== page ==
Differentiating success from failure isn’t difficult for someone playing the libero position in high school volleyball.
Very simply, do not let the ball touch the floor.
The libero — or defensive specialist — position was added to indoor volleyball in 1999, along with other rules designed to make the sport more exciting through the increased potential of more digs and rallies.
A libero starts a match in the back row. She typically replaces a team’s middle blocker when the latter rotates to the back row.
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“I think defense wins games,” Franklin Community coach Roxanne Chapman said. “Obviously, you have to have to have good hitters to go along with that, but to have that kid who reads the ball and plays great defense is important.
“A libero has to be at the right position at the right time. She has to know where to be when the ball is hit.”
Official implementation of the libero in high school volleyball nationwide came during the 2006-07 school year in accordance to new rules introduced by the National Federation of State High School Associations. The player wears a specific uniform different from those of her teammates.
Playing the position is not for everyone.
Besides split-second decision making, a libero must combine agility with a certain level of fearlessness.
After all, the player on the other side of the net attempting to deliver a frozen rope of a spike isn’t overly concerned about a libero’s well being.
“You have to read the movement of the hitter’s arm,” said Franklin sophomore Brooklyn Peddycord, a former outside hitter who moved to libero midway through her freshman season while playing junior varsity for the Grizzly Cubs.
“It’s pretty difficult. You have to make up your mind pretty quickly.”
Like Peddycord, Center Grove junior Devynn Merriman stands an unimposing 5-foot-5.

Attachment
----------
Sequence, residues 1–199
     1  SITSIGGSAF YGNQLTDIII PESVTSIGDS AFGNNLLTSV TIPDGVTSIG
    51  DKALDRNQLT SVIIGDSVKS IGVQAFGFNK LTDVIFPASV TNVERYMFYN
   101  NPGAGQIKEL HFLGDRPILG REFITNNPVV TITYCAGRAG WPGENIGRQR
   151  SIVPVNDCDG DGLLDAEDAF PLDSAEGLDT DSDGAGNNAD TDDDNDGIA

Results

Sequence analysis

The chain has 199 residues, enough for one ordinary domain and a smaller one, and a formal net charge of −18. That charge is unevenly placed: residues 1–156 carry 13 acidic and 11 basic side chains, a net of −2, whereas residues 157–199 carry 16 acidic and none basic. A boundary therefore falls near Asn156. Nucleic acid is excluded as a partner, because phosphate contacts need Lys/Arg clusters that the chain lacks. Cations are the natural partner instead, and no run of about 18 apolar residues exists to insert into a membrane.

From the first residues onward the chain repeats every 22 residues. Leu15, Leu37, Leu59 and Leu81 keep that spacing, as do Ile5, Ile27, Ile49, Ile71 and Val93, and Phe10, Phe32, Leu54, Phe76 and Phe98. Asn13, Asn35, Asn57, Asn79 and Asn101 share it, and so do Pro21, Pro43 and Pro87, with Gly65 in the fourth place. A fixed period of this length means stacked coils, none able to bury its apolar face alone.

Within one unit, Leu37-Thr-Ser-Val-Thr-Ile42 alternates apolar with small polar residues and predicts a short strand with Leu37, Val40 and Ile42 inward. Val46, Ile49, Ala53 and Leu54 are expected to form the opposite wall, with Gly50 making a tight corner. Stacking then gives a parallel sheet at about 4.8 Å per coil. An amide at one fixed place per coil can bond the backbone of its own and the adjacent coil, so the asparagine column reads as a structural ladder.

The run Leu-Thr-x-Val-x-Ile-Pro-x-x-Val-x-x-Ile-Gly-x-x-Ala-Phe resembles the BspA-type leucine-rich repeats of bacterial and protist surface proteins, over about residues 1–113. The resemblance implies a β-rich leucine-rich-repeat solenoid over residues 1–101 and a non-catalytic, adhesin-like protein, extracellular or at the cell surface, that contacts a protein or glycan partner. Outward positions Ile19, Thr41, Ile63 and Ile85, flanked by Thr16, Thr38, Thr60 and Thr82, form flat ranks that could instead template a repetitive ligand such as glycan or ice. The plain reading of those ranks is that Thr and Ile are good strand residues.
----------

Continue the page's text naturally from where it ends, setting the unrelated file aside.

And yet Merriman’s average of 3.7 digs per set are as much a part of the Trojans’ 8-4 record as the spikes of junior hitters Ellen LeMasters and Emma Jones or the assists of freshman setter Madison Hammill.
A former setter herself, Merriman began transitioning to libero at age 14.
“What I like most is the defensive part of it,” Merriman said. “The satisfaction of not letting the ball hit the floor. A lot of it is having the mindset that nothing is going to get by you.
“I’m very competitive, so I think that’s where it comes from.”
The adrenaline rush a libero receives from extending her body to keep a ball in play is difficult to replicate, according to Peddycord.
Asked for specifics on her best dig of the season so far, Peddycord, who has averaged 2.4 digs per set during Franklin’s 12-3 start, thinks for a moment before selecting a diving save she made during a recent loss to Class 4A No. 1 Cathedral at the Providence Invitational earlier this month.
“Movement and trusting my teammates are what’s most important. I really like it when I get an awesome dig,” Peddycord said.
Peddycord is relatively new at playing libero and therefore hasn’t subjected herself to as much risk of injury as those who have played the position for a number of seasons.
Because of all of the starts, stops and direction changes, Peddycord wears ankle braces during each match.
All teams are different regarding how they distribute on-court communication responsibilities. Merriman, a three-year starter with 734 career digs entering Center Grove’s match at Warren Central on Tuesday, has earned the right to make her voice heard.
“The libero basically runs the back-row defense, and you tell your hitters where to hit,” Merriman said. “There’s no time to dwell on the last shot.”
• Is a back-row player who is a passing and defensive specialist.
• Must be designated on the lineup sheet. If a libero is not designated on the lineup sheet, the team may not use a libero in that game.
• Is restricted to performing as a back-row player.
• Must wear a specific uniform with a legal number.
• May replace any player in a back-row position. The replacement is not counted as a substitution.